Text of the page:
Recently I had two separate conversations with women who essentially stated the same thought: women are born to suffer.
Do you agree with that?
Naturally, these women are Oaxaqueñas, whose native state is in second place in the country of Mexico for violence against women.
Chihuahua state, where we previously ministered, takes first place due to the fact that thousands of women have been murdered in the past ten years there, with a quantitive number kidnapped and murdered on behalf of snuff p*rn*graphy, or so I’ve been told.
In both conversations, it’s obvious that spousal abuse is the norm – regardless of how many spouses, or life partners they’ve had. (Life partner is a contradiction in terms, to be truthful. The word they use in spanish, marido, in effect means ‘catch from the sea’. Think bait and hook!)
The one conversation involved four women, with swear words intertwined on their side of the conversation. (Not exactly the vocabulary I aspire to learn!) Being a gringa, they turned to me and asked, “How about in the US? Is there abuse like this there?” I replied that yes, there is abuse. In fact, there is abuse everywhere, but in the US it doesn’t seem to be as common as it is here.
Now some of my friends reading this blog would know these statistics much better than I do. Feel free to leave a comment on current facts, if you know them.
They continued and asked me why I thought it was worse in Mexico. I replied that perhaps machismo had something to do with that. They agreed, but I had touched a nerve they didn’t like touched. As we talked, certain other factors were discussed, such as that of the law.
In the US, men can be and often are convicted of spousal abuse. In Mexico, what? Your husband hit you? Well, you probably deserved it! would be the expected response. He beat you up because another guy whistled at you and tried coming on to you? Expected reply would be: why were you flirting or acting like a slut?
That’s harsh- and on a missions blog too! Well, do you really want to know the culture we live in or should I just stick to yummy Mexican recipes and interesting photos?
So, the consensus was that the law supporting women’s rights here in Mexico is lacking, although they still had a problem labeling it machismo.
Still, I told them, God never planned for women to be born to suffer. Yes, suffering does have it’s place in our life- such as the curse of labor pains- and although we were created second and were given the place of submission to man, God never intended it to be an abusive situation. They pondered that for a brief second before one of them shot me this question, “Are you Catholic or a Christian?” (That’s what happens when you talk casually about God when you’re not in a cathedral!)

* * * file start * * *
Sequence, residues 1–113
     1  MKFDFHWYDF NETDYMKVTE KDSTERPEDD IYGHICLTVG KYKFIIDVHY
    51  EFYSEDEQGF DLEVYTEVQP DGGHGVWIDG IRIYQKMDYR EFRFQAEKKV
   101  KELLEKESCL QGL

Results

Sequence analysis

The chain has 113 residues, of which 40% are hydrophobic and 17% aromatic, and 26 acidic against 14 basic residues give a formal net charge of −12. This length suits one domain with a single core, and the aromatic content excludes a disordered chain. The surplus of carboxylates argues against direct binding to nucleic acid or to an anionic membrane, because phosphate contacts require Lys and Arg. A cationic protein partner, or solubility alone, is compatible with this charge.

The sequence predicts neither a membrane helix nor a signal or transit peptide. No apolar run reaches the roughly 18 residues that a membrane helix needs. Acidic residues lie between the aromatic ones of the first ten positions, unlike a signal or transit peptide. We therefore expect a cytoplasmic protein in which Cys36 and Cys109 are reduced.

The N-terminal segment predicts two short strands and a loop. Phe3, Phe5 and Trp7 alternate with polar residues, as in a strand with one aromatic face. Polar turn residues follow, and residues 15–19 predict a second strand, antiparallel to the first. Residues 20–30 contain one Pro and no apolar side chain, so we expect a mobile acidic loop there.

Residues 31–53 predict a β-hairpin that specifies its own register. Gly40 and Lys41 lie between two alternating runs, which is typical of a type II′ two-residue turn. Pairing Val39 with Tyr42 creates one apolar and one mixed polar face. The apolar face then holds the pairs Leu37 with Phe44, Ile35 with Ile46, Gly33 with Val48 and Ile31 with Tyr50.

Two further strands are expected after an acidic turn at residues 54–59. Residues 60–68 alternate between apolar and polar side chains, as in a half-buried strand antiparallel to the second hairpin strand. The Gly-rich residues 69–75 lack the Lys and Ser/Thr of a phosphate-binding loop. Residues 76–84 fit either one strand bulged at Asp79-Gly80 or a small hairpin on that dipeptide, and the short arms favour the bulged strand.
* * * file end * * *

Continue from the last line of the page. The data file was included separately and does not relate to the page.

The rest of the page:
“I am a Christian”, I said.
Immediately the next question was, “Is your husband Mexican?” (obviously, they don’t know me or our family well; this was at the local gym where I go to work out).
“No, he is American.”
“And does he hit you?”
I then replied, “We’ve been married twenty two years and he has never once hit me.”
Liar, liar is what their faces said. One of them asked incredulously, “not even once?”
“Not even once”, I reiterated.
“Is he a Christian, too?”, they then asked.
Here we go, open door! “Yes”, I said, adding, “and that is why he doesn’t hit me. As Christians, we do our best to read, obey, and live by the Bible. The Bible says for a man to love his wife as Christ loves the church. Christ cares for his church, wants her to move ahead and be successful, wants her to grow.” I explained that our marriage is not perfect, that we do have serious arguments complete with frustration, yelling, and stupid behaving from time to time, but for the most part it is a happy and loving marriage.
It took a moment for their eyes to blink and their jaws to close. Then they asked, “Could your husband give ‘talks’ to our husbands?”
The other conversation I had threaded similarly to this one with this final thought tagged on, “If all men were like your husband, this world would be a better place.”
Those comments make me very proud of my husband and thankful to God for a man like him, yet I felt a sadness on behalf of all these women at the same time. What must it be like to live beaten, treated like a dog, called names, and be worth little more than trash? And worse, for them to think that’s…normal?!
I can’t imagine. I only keep wondering what more I can do so women will stop living abused and holding to the philosophy that they were born to suffer.